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Comicscape: Hunger #1, Justice League Dark #22, Hawkeye Annual #1
By Joel Rickenbach
July 25, 2013
Welcome to Comicscape! Each week we'll be taking a look at a few of the week's new books in hopes of informing your comic shop purchases, or at the very least giving you 4-color thrills and chills. Read on!
Hunger #1 (of 4) (by Joshua Hale Fialkov and Leonard Kirk): We all know Galactus- eating entire worlds and heralding the end to life as those who are unfortunate enough to be in his path know it. And the problem is- the dude is always hungry. Thanks to the regular Marvel universe and the Ultimate universe, there are two flavors of Galactus (Gah Lak Tus)- The original leviathan-sized, 60's designer, oddly cool helmet-headed one, and the Ultimate version, which is a giant swarm of parasite like robotic bugs. Thanks to Wolverine's time hopping adventures in Age of Ultron, the fabric of the space-time continuum is breaking down, and worlds are literally colliding. This gives Marvel the opportunity to have both Galactuses meet. Hence Hunger.
This is a good idea, it's a bit of fan service, but so what? Who doesn't want to see what happens when the two Galacti meet? The problem is we need someone to latch on to for the ride, someone we can identify with, and unfortunately that person is the Ultimate version of Rick Jones. He's been chosen by the Watchers to harness the power cosmic and protect reality as they know it, including bearing witness to the Galacti tango. I say "unfortunately" because Ultimate Rick Jones is quite possibly the most annoying character you are likely to come across, and this book only makes it worse. There's a nice bit of symmetry on Failkov's part- Jones is shirking his duties because he's dying to eat a decent cheeseburger, and soon he will be witnessing the Galacti chasing their own cosmic fast food. The problem is Rick Jones is so quippy, snarky and annoying that I just didn't give a damn. It's like he knows he's on "camera" and says and does things for the sake of entertainment instead of logic. When he arrives at the burger joint he realizes he has no money, what follows could have been a very funny scene of desperation, but instead he just runs his mouth about being a cosmic superhero, as if that would do the trick. He's not clever or engaging, he's just grating. Later in the book, when faced with a giant intergalactic war, he asks- "What's a communiqué? What's a anomaly?" when there are clearly bigger and more pressing things at hand. I get he's supposed to be an irresponsible teen, but there's ways to show that and still make him likable.
The non-Rick Jones stuff is thankfully pretty cool. We see the Chitauri battle with the Kree, only to see both races overcome by Gah Lak tus. Then we're treated to regular universe Galactus literally emerging from a tear in the space-time continuum, only to be attacked by his Ultimate counterpart. Take a guess at what happens next...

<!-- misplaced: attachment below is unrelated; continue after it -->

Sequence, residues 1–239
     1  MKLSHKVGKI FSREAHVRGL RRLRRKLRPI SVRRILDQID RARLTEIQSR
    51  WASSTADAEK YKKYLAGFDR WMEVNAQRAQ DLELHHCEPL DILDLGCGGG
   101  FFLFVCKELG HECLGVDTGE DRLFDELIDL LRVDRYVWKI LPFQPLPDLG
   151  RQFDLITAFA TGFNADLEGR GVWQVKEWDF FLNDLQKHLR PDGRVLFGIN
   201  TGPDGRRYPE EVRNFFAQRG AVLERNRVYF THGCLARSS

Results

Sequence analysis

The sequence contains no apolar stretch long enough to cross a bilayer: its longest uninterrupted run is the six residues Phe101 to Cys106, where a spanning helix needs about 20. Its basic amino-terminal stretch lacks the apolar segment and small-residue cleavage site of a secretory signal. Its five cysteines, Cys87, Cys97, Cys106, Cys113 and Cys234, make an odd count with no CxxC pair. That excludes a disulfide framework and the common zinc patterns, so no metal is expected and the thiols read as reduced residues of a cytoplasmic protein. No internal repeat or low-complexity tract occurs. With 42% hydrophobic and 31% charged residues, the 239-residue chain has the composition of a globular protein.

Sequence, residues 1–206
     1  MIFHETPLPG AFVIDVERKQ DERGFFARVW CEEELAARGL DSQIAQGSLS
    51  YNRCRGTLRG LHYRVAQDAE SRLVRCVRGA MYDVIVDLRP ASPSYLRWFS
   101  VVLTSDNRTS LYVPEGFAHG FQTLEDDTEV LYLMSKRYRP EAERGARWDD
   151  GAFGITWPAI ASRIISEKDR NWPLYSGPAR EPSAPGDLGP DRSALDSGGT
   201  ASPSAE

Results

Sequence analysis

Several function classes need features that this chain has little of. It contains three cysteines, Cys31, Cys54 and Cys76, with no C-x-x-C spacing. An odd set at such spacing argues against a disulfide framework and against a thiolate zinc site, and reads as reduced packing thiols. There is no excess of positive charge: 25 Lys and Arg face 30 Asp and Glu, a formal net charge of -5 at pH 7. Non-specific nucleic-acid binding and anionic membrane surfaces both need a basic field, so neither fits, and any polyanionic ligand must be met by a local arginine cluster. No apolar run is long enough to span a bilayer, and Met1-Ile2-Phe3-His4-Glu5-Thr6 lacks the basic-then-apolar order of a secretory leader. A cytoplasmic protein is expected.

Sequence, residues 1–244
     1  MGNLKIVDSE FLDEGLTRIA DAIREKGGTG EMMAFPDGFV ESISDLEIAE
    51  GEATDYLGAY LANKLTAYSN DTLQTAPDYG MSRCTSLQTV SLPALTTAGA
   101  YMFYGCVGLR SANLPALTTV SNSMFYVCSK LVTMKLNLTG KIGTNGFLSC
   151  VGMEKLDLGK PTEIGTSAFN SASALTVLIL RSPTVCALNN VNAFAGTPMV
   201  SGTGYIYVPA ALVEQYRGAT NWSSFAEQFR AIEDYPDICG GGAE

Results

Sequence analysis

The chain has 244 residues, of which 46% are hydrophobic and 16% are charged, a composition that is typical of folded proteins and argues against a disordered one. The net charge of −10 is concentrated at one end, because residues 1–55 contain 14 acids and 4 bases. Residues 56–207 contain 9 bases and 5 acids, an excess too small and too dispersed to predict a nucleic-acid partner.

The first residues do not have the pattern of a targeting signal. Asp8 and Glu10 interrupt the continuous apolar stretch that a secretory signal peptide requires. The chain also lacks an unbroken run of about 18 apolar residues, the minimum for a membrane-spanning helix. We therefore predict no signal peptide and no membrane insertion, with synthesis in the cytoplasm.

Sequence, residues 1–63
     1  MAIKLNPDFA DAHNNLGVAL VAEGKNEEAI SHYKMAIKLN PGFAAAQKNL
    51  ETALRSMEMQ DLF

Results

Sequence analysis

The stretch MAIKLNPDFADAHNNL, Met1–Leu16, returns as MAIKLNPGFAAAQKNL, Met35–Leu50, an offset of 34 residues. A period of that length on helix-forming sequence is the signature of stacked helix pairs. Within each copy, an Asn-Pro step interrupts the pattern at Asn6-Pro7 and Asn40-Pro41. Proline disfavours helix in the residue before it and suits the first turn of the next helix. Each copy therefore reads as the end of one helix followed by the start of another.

Justice League Dark #22 (by Jeff Lemire and Mikel Janin): After last week's look at DC's Trinity War, I hope to keep up with the crossover each week here in Comicscape. Justice League Dark #22 brings us part 3 of the big brouhaha, and I am happy to say it matches, if not exceeds the quality of the previous installments. Lemire really milks the theme of allegiances, alliances, disagreements, and ultimately- who do you trust? The (now 3) Justice Leagues are split on the best course of action- Follow Superman's new lead in Kandaq, thanks to his liberator- the Question, or do they follow Wonder Woman on her hunt for Pandora, even though the Phantom Stranger warns it will lead to the destruction of everything. There are quite a few standoffs and characters switching sides in this issue, all of them work thanks to Lemire's writing and Janin's excellent and crisp art. One of the highlights is Superman almost killing another person out of pure rage, but he swallows it, just barely. If you haven't jumped on to Trinity War yet, I highly recommend you do!
Hawkeye Annual #1 (by Matt Fraction and Javier Pulido): One might think an Annual is the time for a book's creative team to take a break, and tell a fun, but unnecessary story with a fill-in artist, or even a fill-in writer. If that's what you think you'd probably be right, but not if you read Hawkeye. Sure, Javier Pulido is not one of the regular Hawkguy artists, but he's a creative choice that sends this book into the stratosphere. His art is so incredibly perfect for this book, including his penchant for the little character doodles in the dialogue boxes. Matt Fraction is also in top form, and continues to deliver the best dialogue in any comic on the shelves.
This Annual follows Kate Bishop as she leaves Clint Barton and his disaster of a life behind, so she can clear her head and figure out what she wants to do next. Unfortunately for her, Madame Masque is tracking her every move, bent on revenge. Kate arrives in LA for some poolside relaxation, and is quickly befriended by an incognito (read: no mask) Madame Masque. Masque insists Kate stay with her in her mansion, and then the fun begins. You see, Kate knows she's Madame Masque, and plays along to see where things go. This is all explained by Kate to Lucky the dog thusly-
"So she knows. But-- But we know. Right? Right. So she knows--but we know she knows. Which she doesn't know. And she doesn't know she doesn't know because she thinks we don't know. We're the unknown unknown! Lucky--we're a tautology!"
Seriously, just read this damn book.